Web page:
This map shows at glance which countries currently have reporting obligations in place for employers in relations to what men and women are paid in their organisations.
The fact that men and women should be paid equally is an established principle throughout most of the world. As an example, the right to equal pay for the same work or work of equal value between female and male workers has been a founding principle of the European Union since the 1957 Treaty of Rome and a 2006 Directive (Directive 2006/54/EC) on equal treatment of women and men in matters of employment and occupation already requires employers to ensure equal pay for equal work or work of equal value between women and men.
However, even if this principle is enshrined in legislation in almost all countries around the world, the actual state of inequity remains discouraging and furthermore, the COVID-19 pandemic has made it worse. Indeed, the relevant data for this year shows once more that the application of this principle is not so simple.
In particular, the Global Gender Gap Report 2021 drafted by the World Economic Forum investigates four different areas: economic participation and opportunity, education, health and political leadership in 156 different countries. Based on the above report, top of the list is Iceland, which is confirmed as the country with the highest score with respect to gender equality, while Western Europe is the region that has made the most progress (77.6%). Despite these encouraging results, gender equality has not yet been achieved by any country. The global gender gap level, which refers to the average progress toward parity, is 68%, a step back from 2020 (-0.6 percentage points). At this rate, it is estimated that it will take 135.6 years to close the global gender gap, compared to the 99.5 years assumed by the previous report.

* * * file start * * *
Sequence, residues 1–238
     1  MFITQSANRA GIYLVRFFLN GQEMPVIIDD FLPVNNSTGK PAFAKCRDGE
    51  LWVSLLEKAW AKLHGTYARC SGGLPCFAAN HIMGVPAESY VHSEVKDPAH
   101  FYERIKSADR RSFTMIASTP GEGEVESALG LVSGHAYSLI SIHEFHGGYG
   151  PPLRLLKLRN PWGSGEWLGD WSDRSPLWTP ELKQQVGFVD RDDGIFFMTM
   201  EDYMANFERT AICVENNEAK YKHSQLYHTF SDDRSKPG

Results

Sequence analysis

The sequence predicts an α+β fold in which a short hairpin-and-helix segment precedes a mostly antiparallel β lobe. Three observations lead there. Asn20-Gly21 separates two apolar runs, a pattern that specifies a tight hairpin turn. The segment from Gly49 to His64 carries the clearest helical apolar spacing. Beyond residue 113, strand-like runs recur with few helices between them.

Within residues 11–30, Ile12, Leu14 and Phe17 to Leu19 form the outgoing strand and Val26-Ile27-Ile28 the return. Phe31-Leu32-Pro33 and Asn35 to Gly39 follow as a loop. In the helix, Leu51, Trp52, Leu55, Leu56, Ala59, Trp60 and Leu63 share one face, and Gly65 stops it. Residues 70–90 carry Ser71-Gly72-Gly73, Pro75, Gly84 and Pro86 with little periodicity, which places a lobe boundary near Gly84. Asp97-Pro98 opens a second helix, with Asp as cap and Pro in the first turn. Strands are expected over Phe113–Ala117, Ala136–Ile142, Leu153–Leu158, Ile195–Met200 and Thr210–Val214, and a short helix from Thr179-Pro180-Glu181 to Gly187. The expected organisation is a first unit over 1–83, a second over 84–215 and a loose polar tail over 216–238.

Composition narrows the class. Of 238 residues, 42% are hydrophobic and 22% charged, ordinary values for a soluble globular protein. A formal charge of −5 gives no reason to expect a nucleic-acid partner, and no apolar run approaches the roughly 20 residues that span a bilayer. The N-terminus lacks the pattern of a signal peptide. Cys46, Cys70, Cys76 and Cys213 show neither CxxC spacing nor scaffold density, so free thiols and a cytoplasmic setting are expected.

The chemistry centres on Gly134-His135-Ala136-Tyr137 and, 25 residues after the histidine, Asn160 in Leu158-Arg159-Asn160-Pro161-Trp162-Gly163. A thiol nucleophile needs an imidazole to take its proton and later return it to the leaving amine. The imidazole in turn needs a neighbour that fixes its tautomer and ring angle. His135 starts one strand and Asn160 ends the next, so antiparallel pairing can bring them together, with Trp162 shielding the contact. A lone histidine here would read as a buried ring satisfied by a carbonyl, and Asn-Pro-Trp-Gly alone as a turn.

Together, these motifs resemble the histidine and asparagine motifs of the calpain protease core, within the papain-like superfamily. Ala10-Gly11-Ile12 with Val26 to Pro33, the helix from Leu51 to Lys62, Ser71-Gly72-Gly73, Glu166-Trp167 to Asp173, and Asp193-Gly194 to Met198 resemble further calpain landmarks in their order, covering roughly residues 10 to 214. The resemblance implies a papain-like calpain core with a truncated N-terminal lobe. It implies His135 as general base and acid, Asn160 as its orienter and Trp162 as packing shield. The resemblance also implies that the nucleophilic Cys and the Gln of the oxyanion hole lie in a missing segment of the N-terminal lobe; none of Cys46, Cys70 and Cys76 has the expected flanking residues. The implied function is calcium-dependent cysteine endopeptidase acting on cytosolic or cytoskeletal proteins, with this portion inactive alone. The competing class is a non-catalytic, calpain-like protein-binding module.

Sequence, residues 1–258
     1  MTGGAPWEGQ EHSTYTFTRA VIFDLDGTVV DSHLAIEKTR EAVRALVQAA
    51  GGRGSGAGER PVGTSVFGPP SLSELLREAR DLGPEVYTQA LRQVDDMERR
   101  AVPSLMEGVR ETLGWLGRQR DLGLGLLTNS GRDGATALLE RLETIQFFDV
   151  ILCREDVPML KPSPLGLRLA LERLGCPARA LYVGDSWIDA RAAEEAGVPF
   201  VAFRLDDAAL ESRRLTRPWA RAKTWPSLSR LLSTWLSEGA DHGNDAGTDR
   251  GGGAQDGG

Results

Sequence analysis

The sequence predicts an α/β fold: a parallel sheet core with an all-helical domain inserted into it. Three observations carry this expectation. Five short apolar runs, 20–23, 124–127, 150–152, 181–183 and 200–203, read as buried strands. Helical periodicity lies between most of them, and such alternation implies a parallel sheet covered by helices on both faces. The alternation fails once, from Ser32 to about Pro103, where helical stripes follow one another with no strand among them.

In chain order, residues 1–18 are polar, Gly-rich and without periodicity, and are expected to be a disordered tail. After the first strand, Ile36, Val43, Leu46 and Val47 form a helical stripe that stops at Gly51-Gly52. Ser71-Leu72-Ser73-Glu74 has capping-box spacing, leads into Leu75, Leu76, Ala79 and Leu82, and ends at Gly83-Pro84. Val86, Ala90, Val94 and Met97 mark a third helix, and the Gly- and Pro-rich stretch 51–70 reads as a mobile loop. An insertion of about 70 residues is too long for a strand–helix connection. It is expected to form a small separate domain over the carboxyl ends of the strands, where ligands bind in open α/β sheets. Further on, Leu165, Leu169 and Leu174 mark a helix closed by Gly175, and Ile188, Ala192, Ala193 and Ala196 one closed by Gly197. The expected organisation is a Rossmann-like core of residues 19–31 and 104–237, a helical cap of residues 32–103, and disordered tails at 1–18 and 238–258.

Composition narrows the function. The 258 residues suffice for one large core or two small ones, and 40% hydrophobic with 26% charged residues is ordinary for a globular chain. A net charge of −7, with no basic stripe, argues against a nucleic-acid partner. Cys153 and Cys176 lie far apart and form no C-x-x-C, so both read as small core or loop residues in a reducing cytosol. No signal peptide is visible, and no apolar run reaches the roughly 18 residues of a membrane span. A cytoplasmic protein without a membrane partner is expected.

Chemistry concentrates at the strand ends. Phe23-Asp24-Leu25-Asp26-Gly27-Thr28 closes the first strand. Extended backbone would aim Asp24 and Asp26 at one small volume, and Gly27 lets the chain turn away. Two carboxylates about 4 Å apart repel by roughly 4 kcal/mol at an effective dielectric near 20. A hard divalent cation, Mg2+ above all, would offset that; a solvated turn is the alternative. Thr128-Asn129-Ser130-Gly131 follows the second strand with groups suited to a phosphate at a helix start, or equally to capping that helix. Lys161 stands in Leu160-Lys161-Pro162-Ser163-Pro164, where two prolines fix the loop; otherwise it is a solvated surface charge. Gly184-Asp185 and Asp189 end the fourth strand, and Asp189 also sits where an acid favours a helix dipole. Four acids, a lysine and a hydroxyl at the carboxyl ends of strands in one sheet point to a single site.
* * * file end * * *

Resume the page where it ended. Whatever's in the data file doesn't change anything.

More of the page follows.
Further evidence is the gap separating women from men in employment: 267.6 years will be needed to close the employment gap, if we continue at this rate. In addition to inequality in accessing the workforce, economic and wage disparities continue to be a major area for action. Despite some progress this year, the ratio of wages for women to men in a similar position still remains at 37%, that means that women are paid on average 37% less of what men are paid.
The health emergency and related economic downturn seems to have had a more severe impact on women than men. The Global Gender Gap Report 2021 mentioned that early projections from the ILO (International Labour Organization) suggest that 5% of all employed women have lost their jobs, compared to 3.9% of employed men. This is partly because the pandemic is having a greater impact on sectors where women are most present: restaurants, tourism, non-profit organisations, media and communications. In addition, women with children have experienced profound difficulties in maintaining work-life balance, especially in those countries, such as Italy, where women are the main caregivers (of children and elderly individuals).